Date of Award

January 2020

Document Type

Open Access Thesis

Degree Name

Master of Public Health (MPH)


School of Public Health

First Advisor

Chima D. Ndumele


Objective: Although racial and gender disparities in healthcare treatment have been widely studied, relatively few studies have focused on the critically ill population and have had conflicting results. In this study, we sought to assess the associations between a patient’s race and gender and their ICU mortality, length of stay, and any observed delays in the discharge process.

Methods: We utilize a large single-center database called MIMIC-III to analyze the association be- tween a patient’s race and gender and the outcomes of hospital mortality, ICU length of stay, and delays in discharge process. All analysis is conducted using R. Multivariable logistic regression is used for the outcome of hospital mortality and multivariable linear regression is used for the outcomes of ICU length of stay and delays in discharge. The statistical level of significance is set at alpha = 0.05.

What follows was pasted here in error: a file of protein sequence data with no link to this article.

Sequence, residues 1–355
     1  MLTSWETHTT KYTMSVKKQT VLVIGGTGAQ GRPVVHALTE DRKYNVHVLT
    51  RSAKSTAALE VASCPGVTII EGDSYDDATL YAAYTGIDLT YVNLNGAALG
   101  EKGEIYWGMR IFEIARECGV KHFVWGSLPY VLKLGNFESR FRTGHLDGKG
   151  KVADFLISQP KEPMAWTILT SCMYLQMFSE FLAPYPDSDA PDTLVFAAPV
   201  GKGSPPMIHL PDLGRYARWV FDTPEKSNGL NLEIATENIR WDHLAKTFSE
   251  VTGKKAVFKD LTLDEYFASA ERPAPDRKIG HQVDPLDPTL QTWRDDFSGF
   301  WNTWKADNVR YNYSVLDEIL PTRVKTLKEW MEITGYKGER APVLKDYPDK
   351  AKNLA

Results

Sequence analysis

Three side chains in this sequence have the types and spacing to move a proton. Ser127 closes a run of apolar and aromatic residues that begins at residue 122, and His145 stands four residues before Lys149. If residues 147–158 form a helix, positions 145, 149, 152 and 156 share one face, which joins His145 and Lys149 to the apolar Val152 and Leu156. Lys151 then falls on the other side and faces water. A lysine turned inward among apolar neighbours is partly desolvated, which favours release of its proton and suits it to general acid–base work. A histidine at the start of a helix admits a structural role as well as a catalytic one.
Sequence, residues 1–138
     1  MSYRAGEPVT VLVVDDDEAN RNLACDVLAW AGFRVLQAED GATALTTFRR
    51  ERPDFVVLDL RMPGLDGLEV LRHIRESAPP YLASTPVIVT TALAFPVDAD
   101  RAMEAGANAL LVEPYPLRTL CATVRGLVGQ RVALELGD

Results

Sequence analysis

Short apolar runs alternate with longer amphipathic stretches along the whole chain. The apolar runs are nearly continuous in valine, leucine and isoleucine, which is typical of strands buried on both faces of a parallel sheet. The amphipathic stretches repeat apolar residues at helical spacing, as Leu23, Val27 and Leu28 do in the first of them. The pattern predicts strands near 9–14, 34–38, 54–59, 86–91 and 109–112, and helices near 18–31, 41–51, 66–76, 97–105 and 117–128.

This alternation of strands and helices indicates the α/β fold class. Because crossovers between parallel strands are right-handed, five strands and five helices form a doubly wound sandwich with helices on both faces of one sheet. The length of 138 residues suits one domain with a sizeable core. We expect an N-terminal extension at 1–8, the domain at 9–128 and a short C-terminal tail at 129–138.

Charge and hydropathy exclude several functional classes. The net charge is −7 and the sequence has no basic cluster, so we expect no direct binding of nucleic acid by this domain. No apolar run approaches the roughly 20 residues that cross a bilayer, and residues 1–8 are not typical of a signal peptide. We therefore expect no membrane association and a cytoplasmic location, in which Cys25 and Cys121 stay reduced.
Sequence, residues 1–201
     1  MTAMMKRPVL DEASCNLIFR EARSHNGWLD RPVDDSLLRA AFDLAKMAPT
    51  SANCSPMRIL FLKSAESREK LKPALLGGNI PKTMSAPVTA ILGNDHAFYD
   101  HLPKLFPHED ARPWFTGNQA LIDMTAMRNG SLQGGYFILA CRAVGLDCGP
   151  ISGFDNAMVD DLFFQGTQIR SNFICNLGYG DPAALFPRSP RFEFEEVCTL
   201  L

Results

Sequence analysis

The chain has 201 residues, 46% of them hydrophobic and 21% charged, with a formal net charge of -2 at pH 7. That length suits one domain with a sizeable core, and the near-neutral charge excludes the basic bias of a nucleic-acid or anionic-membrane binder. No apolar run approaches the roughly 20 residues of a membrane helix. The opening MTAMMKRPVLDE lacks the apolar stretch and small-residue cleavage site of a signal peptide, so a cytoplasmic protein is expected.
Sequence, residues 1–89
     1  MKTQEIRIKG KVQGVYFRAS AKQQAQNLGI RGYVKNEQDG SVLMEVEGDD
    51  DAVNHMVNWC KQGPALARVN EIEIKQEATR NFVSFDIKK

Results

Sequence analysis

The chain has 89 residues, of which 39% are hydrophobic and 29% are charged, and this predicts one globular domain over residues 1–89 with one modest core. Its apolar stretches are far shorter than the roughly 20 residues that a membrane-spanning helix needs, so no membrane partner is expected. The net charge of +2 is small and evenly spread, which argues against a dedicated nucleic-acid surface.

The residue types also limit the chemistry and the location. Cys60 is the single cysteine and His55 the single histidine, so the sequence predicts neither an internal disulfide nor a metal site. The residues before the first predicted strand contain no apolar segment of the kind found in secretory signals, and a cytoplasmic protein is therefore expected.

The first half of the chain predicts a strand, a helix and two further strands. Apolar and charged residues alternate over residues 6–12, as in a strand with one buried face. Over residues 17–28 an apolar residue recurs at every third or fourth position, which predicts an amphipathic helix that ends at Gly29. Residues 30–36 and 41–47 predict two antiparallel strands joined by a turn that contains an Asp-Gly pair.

Results: Without adjusting for any covariates, compared to White Males, Asian Females had a lower ICU length of stay, White Females had a higher odds of hospital mortality, Hispanic/Latino Males and Females had a lower odds of hospital mortality, and White and Black/African-American Females had a longer delay in discharge. Upon adjusting for several covariates, White Females and Black/African- American Females had an ICU length of stay that was on average lower than White Males and Black/African-American Females had on average a lower odds of hospital mortality than White Males. The significant association seen for Asian Females for ICU length of stay and White Females and Hispanic/Latino Males and Females for hospital mortality disappeared. There was also no significant racial and gender difference for delays in discharge when controlled for other covariates.

Conclusion: The racial and gender differences for the outcomes of ICU length of stay and hospital mortality may indicate difference in treatment patterns or could also be attributed to other factors such as difference in treatment preferences. However, this study has assessed the associations between each race and gender category for three different healthcare outcomes in a classically understudied population. The significant results obtained here can serve as an important cornerstone to motivate future research on health disparities in the critically ill population.


This is an Open Access Thesis.

Open Access

This Article is Open Access